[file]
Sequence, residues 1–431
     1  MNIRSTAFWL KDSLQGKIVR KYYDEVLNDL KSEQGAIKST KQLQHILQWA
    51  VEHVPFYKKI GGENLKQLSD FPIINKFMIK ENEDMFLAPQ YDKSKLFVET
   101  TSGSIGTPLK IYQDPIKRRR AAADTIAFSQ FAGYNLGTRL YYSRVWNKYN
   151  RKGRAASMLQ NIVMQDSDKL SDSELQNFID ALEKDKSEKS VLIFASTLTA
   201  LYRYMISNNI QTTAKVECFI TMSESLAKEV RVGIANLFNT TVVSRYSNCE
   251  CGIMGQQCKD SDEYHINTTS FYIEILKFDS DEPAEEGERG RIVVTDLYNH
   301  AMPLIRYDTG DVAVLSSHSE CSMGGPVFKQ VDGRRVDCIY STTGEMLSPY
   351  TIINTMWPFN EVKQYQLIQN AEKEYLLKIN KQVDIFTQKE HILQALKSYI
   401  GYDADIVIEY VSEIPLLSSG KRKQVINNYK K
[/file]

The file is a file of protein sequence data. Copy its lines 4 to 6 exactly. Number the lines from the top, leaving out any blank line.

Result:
   101  TSGSIGTPLK IYQDPIKRRR AAADTIAFSQ FAGYNLGTRL YYSRVWNKYN
   151  RKGRAASMLQ NIVMQDSDKL SDSELQNFID ALEKDKSEKS VLIFASTLTA
   201  LYRYMISNNI QTTAKVECFI TMSESLAKEV RVGIANLFNT TVVSRYSNCE